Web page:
Japanese honeysuckle

Dipsacales > Caprifoliaceae > Lonicera japonica Thunb.
Synonym(s): Chinese honeysuckle

Japanese honeysuckle is an evergreen to semi-evergreen vine that can be found either trailing or climbing to over 80 ft. (24 m) in length. Leaves are opposite, sessile, pubescent, oval and 1 to 2.5 in. (2.5-6.4 cm) long. Flowering occurs from April to July, when showy, fragrant, tubular, whitish-pink to yellow flowers develop in the axils of the leaves. Fruits develop in the fall and are small, shiny black berries. Japanese honeysuckle invades a variety of habitats including forest floors, canopies, roadsides, wetlands, and disturbed areas. Japanese honeysuckle can girdle small saplings by twining around them, and it can form dense mats in the canopies of trees, shading everything below. A native of eastern Asia, it was first introduced into North America in 1806 in Long Island, NY. Japanese honeysuckle has been planted widely throughout the United States as an ornamental, for erosion control, and for wildlife habitat.


Identification, Biology, Control and Management Resources

  • Weeds of the Week - USDA Forest Service, Northeastern Area, Forest Health Protection

Selected Images from Invasive.org

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Foliage; Spring foliage with wavy margins
Ted Bodner, Southern Weed Science Society, Bugwood.org
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Foliage; Top and bottom (silvery) in May
James H. Miller, USDA Forest Service, Bugwood.org
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Foliage; Flowers and foliage
Chuck Bargeron, University of Georgia, Bugwood.org
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Flower(s);
Chuck Bargeron, University of Georgia, Bugwood.org
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Flower(s);
Troy Evans, , Bugwood.org
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Flower(s);
Chuck Bargeron, University of Georgia, Bugwood.org
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Plant(s);
Tom Heutte, USDA Forest Service, Bugwood.org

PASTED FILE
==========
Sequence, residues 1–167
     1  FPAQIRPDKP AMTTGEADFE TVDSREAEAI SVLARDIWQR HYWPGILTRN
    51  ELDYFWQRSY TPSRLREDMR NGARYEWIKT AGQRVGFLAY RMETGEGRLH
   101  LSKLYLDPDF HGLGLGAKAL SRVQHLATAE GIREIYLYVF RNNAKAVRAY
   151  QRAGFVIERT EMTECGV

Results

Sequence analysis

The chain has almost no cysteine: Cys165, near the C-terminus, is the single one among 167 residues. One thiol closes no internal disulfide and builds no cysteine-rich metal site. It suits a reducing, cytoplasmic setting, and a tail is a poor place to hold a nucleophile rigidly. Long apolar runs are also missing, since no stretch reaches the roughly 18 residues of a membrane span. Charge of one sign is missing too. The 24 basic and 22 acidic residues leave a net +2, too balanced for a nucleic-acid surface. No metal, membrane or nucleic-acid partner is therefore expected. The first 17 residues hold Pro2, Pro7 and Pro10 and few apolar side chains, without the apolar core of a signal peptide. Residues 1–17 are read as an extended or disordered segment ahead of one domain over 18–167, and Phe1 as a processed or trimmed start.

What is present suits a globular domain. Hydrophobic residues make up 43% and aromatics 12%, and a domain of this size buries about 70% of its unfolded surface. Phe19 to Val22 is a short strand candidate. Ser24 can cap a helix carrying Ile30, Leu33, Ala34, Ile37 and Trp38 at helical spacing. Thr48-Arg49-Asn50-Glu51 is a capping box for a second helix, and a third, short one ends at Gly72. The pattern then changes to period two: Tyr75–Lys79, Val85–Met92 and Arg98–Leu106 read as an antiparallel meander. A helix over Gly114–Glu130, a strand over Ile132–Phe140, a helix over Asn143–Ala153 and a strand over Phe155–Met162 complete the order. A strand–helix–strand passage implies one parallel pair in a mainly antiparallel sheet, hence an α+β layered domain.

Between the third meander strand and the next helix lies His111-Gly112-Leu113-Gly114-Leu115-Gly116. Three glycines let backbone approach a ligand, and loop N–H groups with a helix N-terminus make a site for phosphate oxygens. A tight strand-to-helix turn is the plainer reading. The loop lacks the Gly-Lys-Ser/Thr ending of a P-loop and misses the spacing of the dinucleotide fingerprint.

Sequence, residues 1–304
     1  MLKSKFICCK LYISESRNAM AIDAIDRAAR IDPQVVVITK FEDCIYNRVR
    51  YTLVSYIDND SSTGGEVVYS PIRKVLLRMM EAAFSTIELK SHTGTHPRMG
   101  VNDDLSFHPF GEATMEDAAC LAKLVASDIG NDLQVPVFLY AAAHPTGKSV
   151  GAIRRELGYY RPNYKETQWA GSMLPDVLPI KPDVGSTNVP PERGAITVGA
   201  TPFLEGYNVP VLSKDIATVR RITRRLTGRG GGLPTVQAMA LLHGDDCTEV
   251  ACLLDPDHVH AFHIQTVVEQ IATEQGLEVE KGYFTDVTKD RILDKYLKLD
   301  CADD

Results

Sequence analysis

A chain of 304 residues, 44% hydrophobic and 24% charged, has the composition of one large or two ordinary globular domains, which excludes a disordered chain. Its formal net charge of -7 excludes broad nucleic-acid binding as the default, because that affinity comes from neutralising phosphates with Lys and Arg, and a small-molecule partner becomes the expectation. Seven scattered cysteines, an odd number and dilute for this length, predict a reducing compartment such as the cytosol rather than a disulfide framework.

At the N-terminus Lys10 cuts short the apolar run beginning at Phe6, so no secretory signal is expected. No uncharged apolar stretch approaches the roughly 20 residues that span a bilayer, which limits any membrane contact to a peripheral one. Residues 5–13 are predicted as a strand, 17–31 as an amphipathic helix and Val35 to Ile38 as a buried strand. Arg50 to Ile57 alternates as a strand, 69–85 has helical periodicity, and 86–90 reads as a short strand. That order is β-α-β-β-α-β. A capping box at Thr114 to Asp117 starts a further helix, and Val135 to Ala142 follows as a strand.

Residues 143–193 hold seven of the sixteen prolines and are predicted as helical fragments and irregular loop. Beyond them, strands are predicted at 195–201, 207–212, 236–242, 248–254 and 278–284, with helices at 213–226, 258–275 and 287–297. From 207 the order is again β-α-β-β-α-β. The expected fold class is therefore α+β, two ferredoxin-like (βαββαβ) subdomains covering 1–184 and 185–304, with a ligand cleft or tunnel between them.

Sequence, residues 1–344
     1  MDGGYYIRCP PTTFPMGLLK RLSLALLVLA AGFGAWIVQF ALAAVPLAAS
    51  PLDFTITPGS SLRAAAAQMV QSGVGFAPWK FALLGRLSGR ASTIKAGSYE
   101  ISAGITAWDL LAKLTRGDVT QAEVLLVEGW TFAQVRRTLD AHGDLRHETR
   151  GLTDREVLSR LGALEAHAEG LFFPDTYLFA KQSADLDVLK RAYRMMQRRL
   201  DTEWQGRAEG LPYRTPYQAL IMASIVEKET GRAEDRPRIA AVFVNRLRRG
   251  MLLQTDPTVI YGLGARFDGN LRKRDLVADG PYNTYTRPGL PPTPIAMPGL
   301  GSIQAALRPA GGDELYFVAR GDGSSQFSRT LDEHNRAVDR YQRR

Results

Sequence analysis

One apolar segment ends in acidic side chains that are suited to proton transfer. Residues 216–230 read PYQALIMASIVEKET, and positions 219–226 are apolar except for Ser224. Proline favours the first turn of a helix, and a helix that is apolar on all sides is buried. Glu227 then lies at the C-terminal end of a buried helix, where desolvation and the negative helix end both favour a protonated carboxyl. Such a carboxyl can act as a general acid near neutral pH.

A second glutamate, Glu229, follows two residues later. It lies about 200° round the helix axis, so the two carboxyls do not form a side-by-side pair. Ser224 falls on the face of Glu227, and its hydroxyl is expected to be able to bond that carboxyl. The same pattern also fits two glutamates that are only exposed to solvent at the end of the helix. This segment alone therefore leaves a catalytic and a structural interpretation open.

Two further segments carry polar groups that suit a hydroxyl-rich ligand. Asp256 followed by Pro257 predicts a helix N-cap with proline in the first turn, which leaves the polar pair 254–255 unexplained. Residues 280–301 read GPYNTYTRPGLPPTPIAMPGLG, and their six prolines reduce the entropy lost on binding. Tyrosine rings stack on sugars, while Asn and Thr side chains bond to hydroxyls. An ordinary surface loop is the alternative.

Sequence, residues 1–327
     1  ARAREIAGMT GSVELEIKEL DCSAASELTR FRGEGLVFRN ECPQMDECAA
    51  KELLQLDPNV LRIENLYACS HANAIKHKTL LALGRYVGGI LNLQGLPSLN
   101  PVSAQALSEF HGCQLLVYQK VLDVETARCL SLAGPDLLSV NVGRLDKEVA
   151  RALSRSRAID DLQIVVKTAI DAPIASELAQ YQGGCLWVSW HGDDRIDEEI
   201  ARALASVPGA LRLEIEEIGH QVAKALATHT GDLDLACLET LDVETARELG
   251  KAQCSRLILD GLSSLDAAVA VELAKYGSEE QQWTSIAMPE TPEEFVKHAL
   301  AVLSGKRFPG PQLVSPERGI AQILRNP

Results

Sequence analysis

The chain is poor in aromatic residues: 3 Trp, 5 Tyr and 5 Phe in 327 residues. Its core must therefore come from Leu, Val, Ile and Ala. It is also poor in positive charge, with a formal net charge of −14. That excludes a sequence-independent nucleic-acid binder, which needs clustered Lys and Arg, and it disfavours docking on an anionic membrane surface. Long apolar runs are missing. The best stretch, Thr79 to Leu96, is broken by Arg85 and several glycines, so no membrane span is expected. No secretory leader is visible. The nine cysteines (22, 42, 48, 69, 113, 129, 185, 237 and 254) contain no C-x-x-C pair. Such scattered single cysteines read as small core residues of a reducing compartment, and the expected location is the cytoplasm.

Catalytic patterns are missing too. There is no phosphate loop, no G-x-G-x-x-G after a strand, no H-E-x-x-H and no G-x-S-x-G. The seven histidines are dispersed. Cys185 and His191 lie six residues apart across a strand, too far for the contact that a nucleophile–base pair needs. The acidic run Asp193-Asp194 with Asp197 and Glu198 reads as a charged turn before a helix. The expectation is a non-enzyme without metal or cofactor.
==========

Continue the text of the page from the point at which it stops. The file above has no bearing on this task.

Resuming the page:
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Twig(s)/Shoot(s); September
James H. Miller, USDA Forest Service, Bugwood.org
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Fruit(s); Immature fruit
Chuck Bargeron, University of Georgia, Bugwood.org
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Fruit(s); October
Ted Bodner, Southern Weed Science Society, Bugwood.org
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Plant(s); in flower
Chris Evans, River to River CWMA, Bugwood.org
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Plant(s);
Charles T. Bryson, USDA Agricultural Research Service, Bugwood.org
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Infestation; vines
Chuck Bargeron, University of Georgia, Bugwood.org
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Infestation;
Chuck Bargeron, University of Georgia, Bugwood.org
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Infestation;
Chuck Bargeron, University of Georgia, Bugwood.org
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Infestation;
Chuck Bargeron, University of Georgia, Bugwood.org
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Diagram or Graphic; USDA NRCS. Wetland flora: Field office illustrated guide to plant species. USDA Natural Resources Conservation Service.
USDA PLANTS Database, USDA NRCS PLANTS Database, Bugwood.org
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Diagram or Graphic; Britton, N.L., and A. Brown. 1913. Illustrated flora of the northern states and Canada. Vol. 3: 280.
USDA PLANTS Database, USDA NRCS PLANTS Database, Bugwood.org
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Invasive Reference(s):

Check Invasive.org for most current lists.
  • Alabama - IPC List
  • Connecticut - Noxious Weed Law
  • Florida - EPPC list
  • Georgia - EPPC list
  • Kentucky - EPPC List
  • Massachusetts - Noxious Weed Law
  • Mississippi - 10 Worst Invasive Weeds
  • New Hampshire - Noxious Weed Law
  • Rhode Island - Noxious Weed Law
  • South Carolina - EPPC List
  • Tennessee - EPPC List
  • Texas - Invasive Plant List
  • Vermont - Noxious Weed Law
  • Virginia - Invasive Alien Plant Species
  • Mid-Atlantic - EPPC List
  • Invasive Plants: Guide to Identification and the Impacts and Control of Common North American Species
  • Invasive Plants of the Upper Midwest
  • Invasive Plant Atlas of New England
  • Invasive Plant Atlas of the Mid-South


External Links


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